In this section, we highlight the key high-impact studies, updates, and analyses published in medicine during the past week.
Patients with traumatic brain injury (TBI) commonly develop anemia, which can cause secondary injury and worsen neurological outcomes. Erythropoietin has anti-inflammatory, antiapoptotic, and vascular actions shown to improve outcomes after injury in experimental models and may not carry to the increased risk of infection and multiorgan failure associated with pRBC transfusions. In this randomized clinical trial, 200 patients with closed head injury and unable to follow commands were randomized to either IV erythropoietin or saline (dosed daily for 3 days and then weekly for 2 more weeks in the first dosing regimen and dosed once daily for 1 day in the second regimen). Half of the patients were assigned to a hemoglobin transfusion threshold of 7 g/dL while the other half was assigned to one of 10 g/dL (thresholds were maintained with pRBC transfusions). Compared with placebo (favorable outcome rate: 38.2%; 95% CI, 28.1% to 49.1%), neither erythropoietin groups showed significant improvement (first dosing regimen: 48.6%; 95% CI, 31.4% to 66.0%, P = .13; second dosing regimen: 29.8%; 95% CI, 18.4% to 43.4%, P < .001). In addition, thromboembolic events had a higher incidence for the transfusion threshold of 10 g/dL (21.8% vs 8.1% for the threshold of 7 g/dL, odds ratio, 0.32 [95% CI, 0.12 to 0.79], P = .009). Thus, in patients with TBI, the administration of erythropoietin did not result in improved outcomes.
Epidural glucocorticoid injections are an increasingly common treatment for spinal stenosis (more than 2.2 million lumbar epidural glucocorticoid injections are performed each year in the Medicare population); however, there remains a lack of data from rigorous randomized, controlled trials evaluating their effectiveness and safety. In this double-blind, multisite trial, 400 patients with lumbar central spinal stenosis and moderate-to-severe leg pain were randomized to receive epidural injections of glucocorticoids plus lidocaine or lidocaine alone. Six weeks post-treatment, the Roland–Morris Disability Questionnaire score, used to assess physical disability, was not significantly different between the two groups (adjusted difference in the average treatment effect, −1.0 points; 95% confidence interval [CI], −2.1 to 0.1; P=0.07). Similarly, the intensity of leg pain on a scale of 1 to 10 was not significantly different (adjusted difference in the average treatment effect, −0.2 points; 95% CI, −0.8 to 0.4; P=0.48). Thus, this study shows no advantage to administering a glucocorticoid–lidocaine injection over a lidocaine-alone injection in patients with spinal stenosis.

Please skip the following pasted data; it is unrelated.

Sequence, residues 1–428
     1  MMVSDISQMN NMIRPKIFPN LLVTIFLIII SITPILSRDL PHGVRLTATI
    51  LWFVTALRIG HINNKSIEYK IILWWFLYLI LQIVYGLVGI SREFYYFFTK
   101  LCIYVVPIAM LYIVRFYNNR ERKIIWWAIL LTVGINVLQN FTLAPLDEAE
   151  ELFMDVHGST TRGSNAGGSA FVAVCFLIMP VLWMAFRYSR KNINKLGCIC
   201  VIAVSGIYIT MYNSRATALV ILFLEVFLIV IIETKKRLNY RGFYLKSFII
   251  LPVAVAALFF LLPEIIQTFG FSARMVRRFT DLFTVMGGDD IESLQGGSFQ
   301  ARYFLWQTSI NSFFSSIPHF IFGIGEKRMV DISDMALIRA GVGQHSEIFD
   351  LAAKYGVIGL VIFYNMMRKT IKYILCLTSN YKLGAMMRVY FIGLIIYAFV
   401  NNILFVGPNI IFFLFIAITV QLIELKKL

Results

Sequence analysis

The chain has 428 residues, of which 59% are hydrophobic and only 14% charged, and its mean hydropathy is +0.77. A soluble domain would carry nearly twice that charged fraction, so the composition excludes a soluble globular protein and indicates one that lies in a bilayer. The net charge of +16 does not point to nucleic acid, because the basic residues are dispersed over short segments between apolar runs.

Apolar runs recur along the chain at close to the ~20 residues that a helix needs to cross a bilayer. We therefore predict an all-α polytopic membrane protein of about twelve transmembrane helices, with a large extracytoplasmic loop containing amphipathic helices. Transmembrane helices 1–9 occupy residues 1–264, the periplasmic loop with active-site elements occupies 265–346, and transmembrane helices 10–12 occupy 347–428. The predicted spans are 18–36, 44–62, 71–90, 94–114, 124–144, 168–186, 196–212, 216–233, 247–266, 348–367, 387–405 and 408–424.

The etiology of celiac disease is multifactorial and involves a genetic component; the presence of HLA haplotype DR3–DQ2 or DR4–DQ8 has been associated with an increased risk of developing the disease. In this study, 6403 American, Finnish, German and Swedish children with HLA haplotype DR3–DQ2 or DR4–DQ8 were followed prospectively from birth. Twelve percent of children developed celiac disease autoimmunity, defined as the presence of tTG antibodies on two consecutive tests at least 3 months apart. Amongst children with a single DR3–DQ2 haplotype, the risks of celiac disease autoimmunity and celiac disease by the age of 5 years were 11% and 3%, respectively, while it was 26% and 11%, respectively, amongst those with two copies (DR3–DQ2 homozygosity). Sweden residence was independently associated with an increased risk of celiac disease autoimmunity (hazard ratio, 1.90; 95% CI, 1.61 to 2.25). This study reinforces the genetic (HLA haplotype DR3–DQ2 homozygotes were at highest risk) as well as environmental (the higher riskassociated with living in Sweden) components of celiac disease.